By Rebecca Glenberg, ACLU of Virginia Legal Director
FB-DOMA-1Yr-CAKE-504x504-V02Almost one year ago, on June 26, 2013, the U.S. Supreme Court issued its ruling in the ACLU case United States v. Windsor, which struck down Section 3 of the Defense of Marriage Act (DOMA) and required the federal government to recognize the lawful marriages of same-sex couples.   The Court recognized DOMA for what it was—“a bare congressional desire to harm a politically unpopular group.”
The Windsor case dealt only with federal recognition of marriages; it did not address whether states had to provide marriage equality. But Justice Kennedy’s strong language signaled that the Court understands exactly what is at stake in the fight for marriage equality – the equal dignity of every human being.   The Court explained that DOMA was demeaning to same sex couples: “The avowed purpose and practical effect of the law here in question are to impose a disadvantage, a separate status, and so a stigma upon all who enter into same-sex marriages.” The statute “tells those couples, and all the world, that their otherwise valid marriages are unworthy of federal recognition” and “humiliates tens of thousands of children now being raised by same-sex couples.”
In the face of this poignant description of how refusing the right to marry harms real families, it is not easy for opponents of marriage equality to continue to defend their position.   The Windsor decision spurred court challenges across the country to laws that deny marriage to same-sex couples. At last count, courts in seventeen states – including Virginia – have struck down such laws in the last year.
As we celebrate the remarkable progress we have made in just one year, it is fitting to recall the decades-long struggle of Edie Windsor and her wife, Thea Spyer, for legal recognition of their relationship. Edie and Thea were together for forty years before they were finally able to marry in Canada in 2007.   Although their home state of New York did not then allow gay couples to marry, it did recognize marriages, like theirs, from other states and countries.   But because of DOMA, the federal government did not. When Thea died, Edie was faced with a huge estate tax. Property that is inherited from one’s spouse is exempt from the tax, but the federal government did not consider Thea to be Edie’s spouse. The Supreme Court has now recognized what was obvious to Edie and Thea from the start – that their marriage is equal to any other. (More on Edie Windsor and thecourt case is here.)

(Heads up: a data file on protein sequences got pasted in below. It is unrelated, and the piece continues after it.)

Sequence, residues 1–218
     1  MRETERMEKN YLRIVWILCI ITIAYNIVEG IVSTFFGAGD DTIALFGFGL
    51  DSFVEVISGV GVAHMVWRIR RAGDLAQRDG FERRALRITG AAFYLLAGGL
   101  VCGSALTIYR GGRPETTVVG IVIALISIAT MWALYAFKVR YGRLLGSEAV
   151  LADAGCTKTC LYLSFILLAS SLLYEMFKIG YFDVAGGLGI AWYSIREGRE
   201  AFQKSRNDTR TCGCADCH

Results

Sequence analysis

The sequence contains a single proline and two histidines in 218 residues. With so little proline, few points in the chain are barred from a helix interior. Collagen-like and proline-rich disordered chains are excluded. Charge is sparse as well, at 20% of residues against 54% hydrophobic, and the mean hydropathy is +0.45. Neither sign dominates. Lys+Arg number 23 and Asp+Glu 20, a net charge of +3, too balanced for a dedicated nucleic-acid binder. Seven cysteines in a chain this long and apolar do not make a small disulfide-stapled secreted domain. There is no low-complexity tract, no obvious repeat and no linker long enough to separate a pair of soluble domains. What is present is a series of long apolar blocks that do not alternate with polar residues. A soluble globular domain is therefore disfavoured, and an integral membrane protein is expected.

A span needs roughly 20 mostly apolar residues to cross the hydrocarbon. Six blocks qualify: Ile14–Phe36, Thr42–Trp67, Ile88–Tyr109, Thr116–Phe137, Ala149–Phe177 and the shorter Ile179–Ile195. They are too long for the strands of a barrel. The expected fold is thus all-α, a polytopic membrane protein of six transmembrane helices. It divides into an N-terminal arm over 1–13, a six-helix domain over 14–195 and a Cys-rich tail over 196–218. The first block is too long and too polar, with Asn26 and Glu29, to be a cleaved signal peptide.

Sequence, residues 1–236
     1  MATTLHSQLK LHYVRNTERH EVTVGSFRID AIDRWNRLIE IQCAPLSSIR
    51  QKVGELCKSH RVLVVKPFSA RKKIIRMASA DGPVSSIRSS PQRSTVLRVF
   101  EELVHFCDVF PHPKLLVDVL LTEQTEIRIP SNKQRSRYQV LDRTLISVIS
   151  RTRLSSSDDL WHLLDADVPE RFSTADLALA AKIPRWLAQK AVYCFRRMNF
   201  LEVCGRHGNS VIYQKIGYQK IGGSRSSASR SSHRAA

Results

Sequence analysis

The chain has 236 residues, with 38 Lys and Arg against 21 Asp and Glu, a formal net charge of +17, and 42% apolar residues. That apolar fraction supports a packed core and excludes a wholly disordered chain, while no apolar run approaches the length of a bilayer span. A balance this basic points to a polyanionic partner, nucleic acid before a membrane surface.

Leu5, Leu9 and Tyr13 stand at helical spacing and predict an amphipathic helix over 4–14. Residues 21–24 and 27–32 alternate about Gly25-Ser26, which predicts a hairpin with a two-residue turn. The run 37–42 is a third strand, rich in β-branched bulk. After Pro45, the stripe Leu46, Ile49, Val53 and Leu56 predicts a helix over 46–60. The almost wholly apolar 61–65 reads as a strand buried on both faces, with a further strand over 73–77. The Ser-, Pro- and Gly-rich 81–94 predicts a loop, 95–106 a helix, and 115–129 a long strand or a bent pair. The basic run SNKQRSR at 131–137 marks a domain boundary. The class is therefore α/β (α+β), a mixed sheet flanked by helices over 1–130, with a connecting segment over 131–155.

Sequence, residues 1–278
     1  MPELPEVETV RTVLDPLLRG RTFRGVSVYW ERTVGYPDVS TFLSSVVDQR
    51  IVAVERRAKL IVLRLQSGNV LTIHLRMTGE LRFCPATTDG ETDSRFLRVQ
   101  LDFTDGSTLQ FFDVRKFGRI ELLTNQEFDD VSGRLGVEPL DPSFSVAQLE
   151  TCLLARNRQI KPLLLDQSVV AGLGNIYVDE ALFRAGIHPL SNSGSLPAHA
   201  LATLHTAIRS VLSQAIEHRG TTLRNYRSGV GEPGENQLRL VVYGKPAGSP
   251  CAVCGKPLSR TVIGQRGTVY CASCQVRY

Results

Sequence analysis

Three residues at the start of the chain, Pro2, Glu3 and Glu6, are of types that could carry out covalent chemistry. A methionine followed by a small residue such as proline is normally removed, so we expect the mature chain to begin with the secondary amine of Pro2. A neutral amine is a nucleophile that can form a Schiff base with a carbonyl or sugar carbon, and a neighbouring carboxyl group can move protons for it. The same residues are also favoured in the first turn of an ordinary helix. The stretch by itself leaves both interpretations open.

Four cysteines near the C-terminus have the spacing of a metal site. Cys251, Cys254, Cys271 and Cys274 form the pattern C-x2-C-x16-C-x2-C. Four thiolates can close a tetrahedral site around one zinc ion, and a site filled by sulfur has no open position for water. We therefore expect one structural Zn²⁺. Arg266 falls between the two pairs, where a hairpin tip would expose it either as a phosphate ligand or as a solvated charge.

Edie and Thea’s story is emblematic of the millions of LGBT Americans who have sought equality for their families.   Following in their footsteps are the thousands of plaintiffs currently challenging laws that deny legal marriage to same-sex couples. The ACLU of Virginia is privileged to represent two amazing couples in our marriage equality case.   Joanne Harris and Jessi Duff live in Staunton with their adorable son, Jabari, and would like to marry in Virginia. Christy Berghoff and Victoria Kidd live in Winchester with their lovely daughter, Lydia. They got married in Washington D.C., but Virginia still does not recognize their marriage. (More about Joanne and Jessi, Christy and Victoria is here.)   These couples have shown extraordinary courage and commitment by stepping forward to lead the fight against Virginia’s discriminatory marriage laws.   Because our case is a class action, they represent every same-sex couple in Virginia.